Five years later, it looks a little different. Just because Cheney lacks a personal political ambition doesn't mean he's lacked a personal ideological agenda. He has been able to pursue that agenda without compromise. He followed his determined ideas for strengthening the executive branch and America's place in the world with no fear of political damage. Since he didn't need Congress or the press as much as he might have if he were a potential candidate, Cheney dismissed them almost the minute he came back to Washington. His energy task force operated in secret and told no one about its operations. Congress and outside groups sued to gain access and lost. When it came time for war, he stepped up his calls for executive authority, endorsing detention and interrogation policies that became the focus of international condemnation. His overly dire predictions about Saddam Hussein's weapons and optimistic ones about the progress of the Iraq war undermined his credibility. His approval rating now stands at 36 percent.
Disillusioned former Cheney friends describe the Veep as if the total political freedom brought on madness. "I consider Cheney a good friend," former National Security Adviser Brent Scowcroft told TheNew Yorker. "I've known him for thirty years. But Dick Cheney I don't know anymore." Treasury Secretary Paul O'Neill described to author Ron Suskind seeking guidance from the vice president about how to improve debate within the White House. He got grumbles, and then it hit him. "I realized why Dick just nodded along when I said all of this, over and over, and nothing ever changed," O'Neill said. "This is the way Dick likes it."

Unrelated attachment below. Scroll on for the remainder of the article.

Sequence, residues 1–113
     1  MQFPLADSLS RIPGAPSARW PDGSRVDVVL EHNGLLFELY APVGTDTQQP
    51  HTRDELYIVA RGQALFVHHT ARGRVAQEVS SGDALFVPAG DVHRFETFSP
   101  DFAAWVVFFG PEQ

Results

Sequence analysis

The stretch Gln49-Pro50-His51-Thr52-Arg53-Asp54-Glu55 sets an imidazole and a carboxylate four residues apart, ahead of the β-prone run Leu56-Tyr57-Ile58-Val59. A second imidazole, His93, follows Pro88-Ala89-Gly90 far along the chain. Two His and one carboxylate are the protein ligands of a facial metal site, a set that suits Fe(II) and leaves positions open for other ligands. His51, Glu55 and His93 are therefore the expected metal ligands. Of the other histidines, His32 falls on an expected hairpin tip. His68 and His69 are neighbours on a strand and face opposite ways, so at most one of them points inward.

Cheney didn't have to stay on message. He suggested Iraq might have had links to the attacks on 9/11 even though President Bush denied such ties. When asked if the insurgency would be a problem after the war, he declared that it would not because American soldiers would be greeted as liberators. More recently, he suggested that the insurgency was in its "last throes." Not true, said military advisers. If Cheney had to worry about his political future he would have realized that future voters hearing about explosions every night on the news would have found such an assertion absurd on its face. But he didn't have to worry about having his rosy assessment thrown back at him in a future presidential debate.
Despite his lowered standing, Bush knows he can keep using Cheney for unpopular assignments because in theory, his approval ratings can drop to zero and Cheney won't balk. So, Cheney has taken up opposition to John McCain's amendment that would restrict "cruel, inhuman or degrading treatment or punishment" of American military prisoners. The president can't argue the case directly, and he certainly can't argue it in public, so he lets Cheney do his dirty work for him. Internally, says Colin Powell's former chief of staff Larry Wilkerson, Cheney's political freedom allowed him to sway the rest of the administration. "There's no question in my mind where the philosophical guidance and the flexibility in order to [torture] originated—in the vice president of the United States' office," Wilkerson told CNN's Late Edition yesterday.
Cheney has been so extreme in various ways, usually at his president's behest, that he has marginalized himself from being able to reach out to nonbelievers in a useful way. In the end, Dick Cheney's lack of political ambition may have been no better for the administration than if he had spent the past five years trying to position himself to run against Hillary Clinton.